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Formerly named “Competition Commission of Singapore” Takes on a New Name in Light of Expanded Consumer Protection Role

Date: 24 May 2018
U.S. Antitrust, Competition & Trade Regulation Alert
By: Christopher S. Finnerty, Michael R. Murphy,  Andre Jumabhoy, Caiti A. Zeytoonian, Sara Aparicio Hill

Last month, the Singapore Parliament passed a bill expanding the Competition Commission of Singapore’s regulatory powers. [1] In addition to administering and enforcing Singapore’s Competition Act, the regulatory body will now administer consumer protection and unfair trade practice laws as well. [2] As a result of the change, the formerly named Competition Commission of Singapore will be known as the Competition and Consumer Commission of Singapore (“CCCS”), signaling an expansion of the body’s power over Singapore’s trade practices.

With a population of roughly 5.6 million, the city-state is recognized as a thriving global financial hub and offers a worthwhile opportunity for product manufacturers looking to expand distribution into Southeast Asia. For those planning to establish distribution channels in the region, an understanding of the CCCS and Singapore’s competition law is essential. This client alert aims to provide an overview of the governing competition law and the role of the CCCS in Singapore.

Singapore’s Competition Law: The Competition Act

The Competition Act (the “Act”), which was enacted in 2004, is the primary legislative instrument regulating competition in Singapore. The Act has three main statutory prohibitions: (i) the prohibition against anti-competitive agreements (The Section 34 Prohibition); (ii) the prohibition for any undertaking to abuse their dominant position within Singapore or elsewhere (The Section 47 Prohibition); and (iii) the prohibition of any mergers that have resulted, or may be expected to result, in a substantial lessening of competition within any market in Singapore for goods or services (The Section 54 Prohibition).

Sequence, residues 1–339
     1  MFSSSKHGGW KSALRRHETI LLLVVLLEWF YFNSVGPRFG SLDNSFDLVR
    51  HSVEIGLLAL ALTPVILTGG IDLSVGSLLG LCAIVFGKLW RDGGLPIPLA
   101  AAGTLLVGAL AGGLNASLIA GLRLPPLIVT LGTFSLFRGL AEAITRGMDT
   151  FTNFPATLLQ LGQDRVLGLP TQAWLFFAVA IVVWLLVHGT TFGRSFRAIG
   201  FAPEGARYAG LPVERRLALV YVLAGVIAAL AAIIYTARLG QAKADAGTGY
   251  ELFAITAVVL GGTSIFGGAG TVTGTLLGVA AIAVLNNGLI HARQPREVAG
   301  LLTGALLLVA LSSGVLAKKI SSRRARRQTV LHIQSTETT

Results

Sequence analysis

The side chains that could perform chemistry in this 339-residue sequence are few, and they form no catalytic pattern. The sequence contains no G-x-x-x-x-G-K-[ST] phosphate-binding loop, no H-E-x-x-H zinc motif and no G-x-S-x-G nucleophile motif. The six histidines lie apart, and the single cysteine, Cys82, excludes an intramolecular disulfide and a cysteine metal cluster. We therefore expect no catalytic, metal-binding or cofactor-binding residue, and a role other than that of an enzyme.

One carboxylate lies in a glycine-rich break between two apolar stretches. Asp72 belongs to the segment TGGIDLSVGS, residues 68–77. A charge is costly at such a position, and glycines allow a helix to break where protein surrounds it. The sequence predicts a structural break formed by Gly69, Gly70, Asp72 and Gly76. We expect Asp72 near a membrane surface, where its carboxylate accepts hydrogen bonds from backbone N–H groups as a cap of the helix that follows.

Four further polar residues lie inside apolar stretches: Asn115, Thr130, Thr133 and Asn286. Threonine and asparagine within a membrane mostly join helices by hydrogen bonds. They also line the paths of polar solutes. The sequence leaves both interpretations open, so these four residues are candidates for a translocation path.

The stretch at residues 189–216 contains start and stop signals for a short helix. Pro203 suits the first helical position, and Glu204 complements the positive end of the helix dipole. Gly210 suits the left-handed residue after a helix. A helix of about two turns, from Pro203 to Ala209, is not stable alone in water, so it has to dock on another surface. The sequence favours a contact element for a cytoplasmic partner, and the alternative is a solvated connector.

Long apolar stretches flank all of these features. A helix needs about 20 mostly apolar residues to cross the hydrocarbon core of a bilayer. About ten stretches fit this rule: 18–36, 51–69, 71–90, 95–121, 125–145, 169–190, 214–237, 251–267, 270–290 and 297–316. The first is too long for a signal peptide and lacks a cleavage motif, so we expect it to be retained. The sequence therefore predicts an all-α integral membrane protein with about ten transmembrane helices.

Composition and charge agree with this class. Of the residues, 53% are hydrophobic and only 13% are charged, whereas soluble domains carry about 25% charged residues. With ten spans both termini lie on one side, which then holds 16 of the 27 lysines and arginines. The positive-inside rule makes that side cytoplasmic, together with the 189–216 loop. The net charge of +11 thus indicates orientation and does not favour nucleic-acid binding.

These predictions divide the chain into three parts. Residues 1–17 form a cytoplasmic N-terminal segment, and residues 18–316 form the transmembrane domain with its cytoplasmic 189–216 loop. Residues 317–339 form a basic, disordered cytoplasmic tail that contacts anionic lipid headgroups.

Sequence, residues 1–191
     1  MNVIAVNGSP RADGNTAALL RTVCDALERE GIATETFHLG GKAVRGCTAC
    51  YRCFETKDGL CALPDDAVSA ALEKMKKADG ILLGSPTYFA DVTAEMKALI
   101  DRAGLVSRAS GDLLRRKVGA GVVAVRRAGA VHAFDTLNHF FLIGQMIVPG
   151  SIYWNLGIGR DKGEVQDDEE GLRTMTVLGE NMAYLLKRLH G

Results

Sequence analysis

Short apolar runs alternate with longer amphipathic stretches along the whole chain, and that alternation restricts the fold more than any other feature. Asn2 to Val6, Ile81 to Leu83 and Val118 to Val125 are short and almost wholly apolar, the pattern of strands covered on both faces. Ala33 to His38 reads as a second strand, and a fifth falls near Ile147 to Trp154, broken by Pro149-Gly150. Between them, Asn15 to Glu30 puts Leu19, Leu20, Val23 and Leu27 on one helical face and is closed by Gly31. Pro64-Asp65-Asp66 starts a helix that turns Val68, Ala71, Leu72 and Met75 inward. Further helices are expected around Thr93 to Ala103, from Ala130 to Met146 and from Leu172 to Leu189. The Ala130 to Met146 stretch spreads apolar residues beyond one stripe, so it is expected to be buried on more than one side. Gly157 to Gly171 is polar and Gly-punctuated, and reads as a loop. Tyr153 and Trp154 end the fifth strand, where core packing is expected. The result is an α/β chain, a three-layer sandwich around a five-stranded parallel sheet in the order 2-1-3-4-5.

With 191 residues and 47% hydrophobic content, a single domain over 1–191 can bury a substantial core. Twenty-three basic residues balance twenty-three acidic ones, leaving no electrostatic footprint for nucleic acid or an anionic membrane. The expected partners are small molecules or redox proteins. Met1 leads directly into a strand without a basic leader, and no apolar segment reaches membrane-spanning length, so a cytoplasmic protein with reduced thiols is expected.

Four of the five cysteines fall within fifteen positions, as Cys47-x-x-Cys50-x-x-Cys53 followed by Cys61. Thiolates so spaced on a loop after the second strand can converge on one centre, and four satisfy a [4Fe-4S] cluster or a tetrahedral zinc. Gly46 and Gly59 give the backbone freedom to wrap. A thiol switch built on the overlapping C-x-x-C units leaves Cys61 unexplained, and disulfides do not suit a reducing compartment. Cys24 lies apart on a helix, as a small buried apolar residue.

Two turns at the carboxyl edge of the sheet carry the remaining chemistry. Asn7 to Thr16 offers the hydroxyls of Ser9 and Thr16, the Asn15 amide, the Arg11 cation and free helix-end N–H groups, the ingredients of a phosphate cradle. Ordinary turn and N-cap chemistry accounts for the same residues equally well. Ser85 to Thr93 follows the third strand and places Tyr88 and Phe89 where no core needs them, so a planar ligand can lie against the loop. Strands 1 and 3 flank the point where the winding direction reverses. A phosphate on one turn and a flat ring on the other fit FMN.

The CCCS is the statutory body responsible for enforcing the Act. For product manufacturers, the Section 34 and 47 prohibitions are the most relevant. These provisions were modelled after the UK’s Competition Act of 1998, which in turn is modelled on Articles 101 and 102 of the Treaty on the Functioning of the European Union in the EU. Hence, when interpreting the Section 34 and Section 47 Prohibitions, the CCCS often relies on case law from the Court of Justice of the European Union and the United Kingdom. However, Singapore law has several unique advantages that make the region a viable location for product manufacturers to implement resale price maintenance (“RPM”) and selective distribution policies. By adopting the strategies below, product manufacturers can effectively combat price erosion and secure control over brand equity in the marketplace.

Resale Price Maintenance

The Section 34 Prohibition prohibits agreements that restrict competition by object or by effect. However, with respect to issues arising from vertical agreements, such as RPM, Singapore has significantly diverged from EU and UK competition rules in the interest of maintaining an open and liberal economy.